This post is strange to write. Maybe because it was written in response to a request for me to explain “the gospel” to a group of Christians who really, really dislike my church.
Two well-beloved Sydney theologians warned me recently “don’t engage trolls”. But, it would be too easy for me to call these people trolls and walk away – I don’t believe that gives them enough dignity. These are Christians (and a few non-Christians) struggling with questions we all struggle with – personal faith, institutional commitment, justice, social responsibility.
Maybe this group would dub themselves “haters”, in the sense that they dislike me, without having ever met me. That’s weird, but definitely a part of our internet-dominated life. To have a view is to have detractors, and unwittingly enter a war of words.
Strangely though, our disagreement is about “the gospel” of Jesus Christ — a man advocating non-violent resistance against Roman oppression in the form of “The Kingdom of God” who never used the internet (but who presumably could predict it would exist) ;).
Here is my second attempt. The first time I had no idea who was asking (they use pseudonyms), and so I decided to simplify things by posting a well-known scripture John 3:16 and a picture of Jesus, Son of God, hanging on a cross. I thought it was pretty clear that salvation was through Christ — any Christian and I could agree on this definition. However, to find something we could agree on was not what was being asked. So, it appears their “gospel” question is more complex than it first appears.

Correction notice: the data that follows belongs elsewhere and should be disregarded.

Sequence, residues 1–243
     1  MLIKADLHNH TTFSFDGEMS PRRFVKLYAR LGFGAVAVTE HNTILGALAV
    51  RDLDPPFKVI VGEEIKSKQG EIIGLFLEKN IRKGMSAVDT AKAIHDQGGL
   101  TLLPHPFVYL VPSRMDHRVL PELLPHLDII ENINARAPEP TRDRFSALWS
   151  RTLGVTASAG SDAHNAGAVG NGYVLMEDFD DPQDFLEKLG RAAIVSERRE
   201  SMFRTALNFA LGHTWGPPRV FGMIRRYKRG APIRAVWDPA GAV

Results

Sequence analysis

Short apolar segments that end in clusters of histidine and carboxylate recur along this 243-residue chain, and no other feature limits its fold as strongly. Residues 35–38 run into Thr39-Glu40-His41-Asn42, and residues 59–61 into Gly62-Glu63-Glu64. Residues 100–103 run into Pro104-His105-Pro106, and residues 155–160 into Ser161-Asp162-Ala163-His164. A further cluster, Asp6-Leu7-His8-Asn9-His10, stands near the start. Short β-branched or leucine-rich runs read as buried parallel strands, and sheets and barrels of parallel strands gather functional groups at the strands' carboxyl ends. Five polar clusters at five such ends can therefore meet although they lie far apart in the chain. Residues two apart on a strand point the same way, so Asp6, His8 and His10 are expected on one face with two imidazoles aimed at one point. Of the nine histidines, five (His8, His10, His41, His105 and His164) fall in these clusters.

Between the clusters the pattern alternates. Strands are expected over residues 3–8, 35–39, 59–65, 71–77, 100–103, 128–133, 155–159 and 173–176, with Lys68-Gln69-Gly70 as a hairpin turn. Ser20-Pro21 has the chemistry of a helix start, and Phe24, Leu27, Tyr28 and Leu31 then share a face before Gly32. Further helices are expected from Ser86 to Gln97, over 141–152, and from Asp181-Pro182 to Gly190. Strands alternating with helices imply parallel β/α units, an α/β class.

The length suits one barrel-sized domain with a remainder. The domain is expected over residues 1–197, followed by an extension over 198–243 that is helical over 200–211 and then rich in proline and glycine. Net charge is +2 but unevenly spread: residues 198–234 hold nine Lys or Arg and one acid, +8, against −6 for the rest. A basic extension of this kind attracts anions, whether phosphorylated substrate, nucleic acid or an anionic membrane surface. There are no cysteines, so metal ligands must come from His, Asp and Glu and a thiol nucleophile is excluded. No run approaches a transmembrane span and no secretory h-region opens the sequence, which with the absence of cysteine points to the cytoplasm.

I added a couple of warnings in that conversation, which I’ll here explain. Across the Christian church there are many views as to what constitutes “the gospel” message, and its outcome, often called “salvation”. My new friends made it clear that they recognize some of these views as Christian but not others. And they’ve weighed up my church with the word TEKEL (“you have been tested and found wanting”). Thus, I am excluded by association.
Now, I briefly mentioned this to some Anglican friends, who warned me that Moore college, Sydney had recently itself issued a “missal” explaining exactly what the gospel is. They felt I was up against, in their words, “Moore-ites with little respect for women, and even lesser respect for women with their own ideas”. Well, funnily enough, I don’t disagree with much in the article they passed me, except the idea that God’s wrath or judgement could be distanced from “social disintegration, ecological catastrophe, political tyranny, economic loss”, as if this anger arose more over a tone of voice I ordered my last latte than the social mechanisms I’ve subscribe to. But, anyways, if a “Moore-ite” were to disagree with me, they would be bound to “speaking to [me] face to face (Matt 18.15); correcting with gentleness and with view to repentance rather than condemnation (2 Tim 2.25)”. So, I doubt my new online friends are from Moore.